When I left Saudi Arabia in 2011 to study in the UK, I did not think I would spend the next nine years living in London, but I was immediately hooked by the city.
I enjoyed the cooler climate and greenery, and that Europe, with all its cultures, cuisines, and landscapes, was on my doorstep. While I missed my family and home back in Riyadh, in London I made life-long friends from all corners of the globe.
Over the years, I made numerous journeys back to Saudi Arabia, and during each of these trips, it became clear the Kingdom was transforming. There was an energy and excitement I had not felt before; a desire to embrace the change. In March 2020, I made the decision to return to Riyadh permanently and, having been back for a little over a year, I have not regretted it for one minute.
Quality of life has skyrocketed, with Riyadh transformed into a thriving, buzzing, green and welcoming metropolis, with culture, entertainment, and a plethora of new professional offerings. Like most places around the world, coronavirus disease (COVID-19) restrictions over the last 12 months hampered my ability to take full advantage of what Riyadh has to offer, but now the city is starting to open up again.
Last month, I visited the vibrant, inaugural Noor Riyadh Arts Festival in the historic King Abdul Aziz district. The festival was a speculator 17-day program of light and art installations — more than 30 across the city — showcasing the remarkable work of international and Saudi artists. It was the first part of the Riyadh Art project, announced in 2019 by King Salman to promote culture and the arts.
During the winter, I made a few short trips to different areas surrounding Riyadh. In January, I travelled 45 minutes to Riyadh Oasis, a 5-star leisure destination in the desert. With temperatures falling to five degrees centigrade at night, we donned our Saudi farwas — a traditional coat worn in winter — and enjoyed live entertainment, cultural shows, music and fine dining from famous international restaurants. It was a fantastic experience, surrounded by the diverse colours and styles of farwa fashion, and although international travel was not possible, I was still able to enjoy some of my favourite global cuisines in an idyllic oasis.
I also spent a weekend with friends at a nearby date palm farm in Al-Ammariyah. The farm was in a stunning location and home to camels, gazelles and, of course, magnificent Arabian horses. We were given the opportunity to meet the farm’s owner and, in the true spirit of Arabian hospitality — “Hafawah” as we call it in Saudi Arabia — he invited us to have lunch with him, treating us to a delicious selection of freshly prepared, homemade Najdi dishes. I felt genuine pride in the intimate, authentic nature of the Saudi people, a unique generosity difficult to find in other parts of the world.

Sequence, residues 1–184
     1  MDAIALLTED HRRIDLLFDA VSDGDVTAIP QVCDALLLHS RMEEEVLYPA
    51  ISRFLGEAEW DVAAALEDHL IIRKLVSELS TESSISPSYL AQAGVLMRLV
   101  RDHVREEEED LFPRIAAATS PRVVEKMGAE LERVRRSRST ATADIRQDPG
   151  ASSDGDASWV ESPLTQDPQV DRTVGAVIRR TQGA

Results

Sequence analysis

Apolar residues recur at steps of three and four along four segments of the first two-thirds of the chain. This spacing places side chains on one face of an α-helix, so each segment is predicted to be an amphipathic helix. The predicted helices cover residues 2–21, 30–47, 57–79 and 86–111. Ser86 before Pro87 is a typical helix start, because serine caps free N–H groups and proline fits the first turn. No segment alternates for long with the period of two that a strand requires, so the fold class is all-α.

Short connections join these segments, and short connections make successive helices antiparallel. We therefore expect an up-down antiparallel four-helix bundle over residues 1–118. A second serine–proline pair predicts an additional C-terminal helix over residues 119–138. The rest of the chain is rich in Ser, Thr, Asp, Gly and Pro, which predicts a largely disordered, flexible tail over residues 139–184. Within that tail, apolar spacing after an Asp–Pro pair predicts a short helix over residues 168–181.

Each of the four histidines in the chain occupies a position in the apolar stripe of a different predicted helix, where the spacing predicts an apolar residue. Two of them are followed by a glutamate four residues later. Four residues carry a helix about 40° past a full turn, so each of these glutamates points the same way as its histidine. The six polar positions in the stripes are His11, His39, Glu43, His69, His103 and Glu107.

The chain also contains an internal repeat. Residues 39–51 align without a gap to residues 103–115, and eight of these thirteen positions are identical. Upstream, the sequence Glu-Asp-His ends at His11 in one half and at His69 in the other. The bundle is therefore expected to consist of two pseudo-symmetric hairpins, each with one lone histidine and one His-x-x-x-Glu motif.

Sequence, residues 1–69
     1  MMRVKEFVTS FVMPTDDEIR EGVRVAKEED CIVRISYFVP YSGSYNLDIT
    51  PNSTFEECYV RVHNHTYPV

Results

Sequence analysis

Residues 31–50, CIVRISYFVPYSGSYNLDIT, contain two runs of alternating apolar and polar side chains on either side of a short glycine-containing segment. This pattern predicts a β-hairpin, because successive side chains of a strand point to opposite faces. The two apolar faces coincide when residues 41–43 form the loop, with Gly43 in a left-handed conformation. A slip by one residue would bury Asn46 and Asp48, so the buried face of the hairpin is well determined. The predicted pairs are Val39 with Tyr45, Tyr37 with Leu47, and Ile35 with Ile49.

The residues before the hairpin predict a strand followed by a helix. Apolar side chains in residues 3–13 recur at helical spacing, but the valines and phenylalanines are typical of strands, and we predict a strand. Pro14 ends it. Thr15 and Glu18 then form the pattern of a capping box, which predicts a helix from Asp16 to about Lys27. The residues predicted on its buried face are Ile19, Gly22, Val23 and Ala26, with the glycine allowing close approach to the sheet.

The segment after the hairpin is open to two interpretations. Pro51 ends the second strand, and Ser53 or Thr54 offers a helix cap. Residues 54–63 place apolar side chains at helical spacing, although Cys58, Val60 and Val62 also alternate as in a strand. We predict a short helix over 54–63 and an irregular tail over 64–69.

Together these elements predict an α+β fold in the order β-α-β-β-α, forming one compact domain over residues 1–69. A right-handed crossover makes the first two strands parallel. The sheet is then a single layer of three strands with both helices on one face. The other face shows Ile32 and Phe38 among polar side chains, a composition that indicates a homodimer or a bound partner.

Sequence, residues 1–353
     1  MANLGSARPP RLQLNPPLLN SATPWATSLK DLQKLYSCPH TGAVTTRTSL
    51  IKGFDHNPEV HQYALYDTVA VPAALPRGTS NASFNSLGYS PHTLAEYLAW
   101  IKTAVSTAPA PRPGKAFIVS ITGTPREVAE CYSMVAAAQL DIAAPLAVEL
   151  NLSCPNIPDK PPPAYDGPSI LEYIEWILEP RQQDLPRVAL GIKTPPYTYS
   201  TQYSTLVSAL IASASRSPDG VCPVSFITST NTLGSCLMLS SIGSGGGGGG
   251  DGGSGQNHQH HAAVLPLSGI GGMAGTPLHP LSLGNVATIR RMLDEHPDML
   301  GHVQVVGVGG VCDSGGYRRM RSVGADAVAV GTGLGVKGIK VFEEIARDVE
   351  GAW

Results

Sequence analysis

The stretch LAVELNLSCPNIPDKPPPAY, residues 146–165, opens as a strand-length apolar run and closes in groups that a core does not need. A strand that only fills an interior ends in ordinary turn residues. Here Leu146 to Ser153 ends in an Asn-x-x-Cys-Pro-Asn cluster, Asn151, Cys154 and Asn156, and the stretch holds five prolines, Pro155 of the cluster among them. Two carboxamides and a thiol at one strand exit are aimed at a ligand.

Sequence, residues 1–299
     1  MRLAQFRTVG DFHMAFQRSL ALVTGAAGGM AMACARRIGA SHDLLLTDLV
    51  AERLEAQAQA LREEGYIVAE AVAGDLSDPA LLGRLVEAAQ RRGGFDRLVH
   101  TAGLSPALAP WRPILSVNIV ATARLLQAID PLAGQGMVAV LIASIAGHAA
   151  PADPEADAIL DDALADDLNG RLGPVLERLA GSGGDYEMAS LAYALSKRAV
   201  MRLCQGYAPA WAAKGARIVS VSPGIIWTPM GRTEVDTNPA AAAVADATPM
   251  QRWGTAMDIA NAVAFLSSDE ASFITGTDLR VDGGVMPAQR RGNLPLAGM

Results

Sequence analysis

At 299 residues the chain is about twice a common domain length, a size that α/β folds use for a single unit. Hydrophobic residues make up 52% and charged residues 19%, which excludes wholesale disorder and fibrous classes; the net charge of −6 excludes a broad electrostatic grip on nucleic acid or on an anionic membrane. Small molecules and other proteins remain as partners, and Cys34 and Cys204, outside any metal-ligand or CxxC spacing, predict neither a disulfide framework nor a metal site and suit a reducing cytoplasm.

Back in Riyadh, in a few weeks’ time, after Ramadan, football matches will once again be played to live audiences as stadiums re-open to 40 percent capacity. Initially, only people who have been vaccinated against COVID-19 will be able to attend but fortunately, thanks to the Ministry of Health, I am among the growing number of fully vaccinated people.
Previously, to enjoy these types of experiences, to be immersed in cultural, music and sporting events, Saudis had to travel abroad. Fast forward to today and all of these offerings now take place inside the Kingdom, with a sustained push to welcome people from all around the world.
However, this transformation and efforts to improve the lifestyles of citizens and residents alike extends far beyond city activities. The government continues to spearhead innovative programs and initiatives around the country, with a goal to position the Kingdom as a driver of development, and the future of the Middle East.
In March 2021, Crown Prince Mohammed bin Salman announced the Saudi Green Initiative and the Middle East Green Initiative — two bold plans to combat climate change and protect the environment. These ambitious projects demonstrate the Kingdom’s longstanding commitment towards a greener, more sustainable Saudi Arabia. Prior to the announcement, sustainability had already been a key component of the Saudi roadmap of the future; over the last two years, I have seen trees native to the region springing up around hospitals, mosques and universities, in parks and gardens, and along roads and streets.
This green drive has improved the urban landscape of cities, and bettered quality of life through better air quality and public parks providing a temperate place for a pre-iftar walks during Ramadan, or a place to relax in the summer.
The introduction of tourist visas in 2019 marked an exciting moment for me. With the opening up of my country, friends who had only before heard of Saudi Arabia were now being given an opportunity to explore my homeland. It was an exceptional experience for me in 2019 to be able to enjoy the music and events of the Riyadh Season and the Diriyah Season with my international friends.
Saudi Arabia is one of the most exciting, unique, beautiful, undiscovered destinations in the world, and it is expected that international tourists will return in even greater numbers once restrictions have been eased. I hope that each traveler who comes to the Kingdom will love Saudi Arabia as I do — for the warmth and hospitality of the Saudi people, the diversity of Saudi culture, food and its landscape, and for the plethora of activities and entertainment available.
Abdullah Al-Dakhil is an international communications manager at the Saudi Tourism Authority. He completed his postgraduate studies in London. His interests are traveling, tourism, culture and international economy. Twitter: @AbdullahADakhil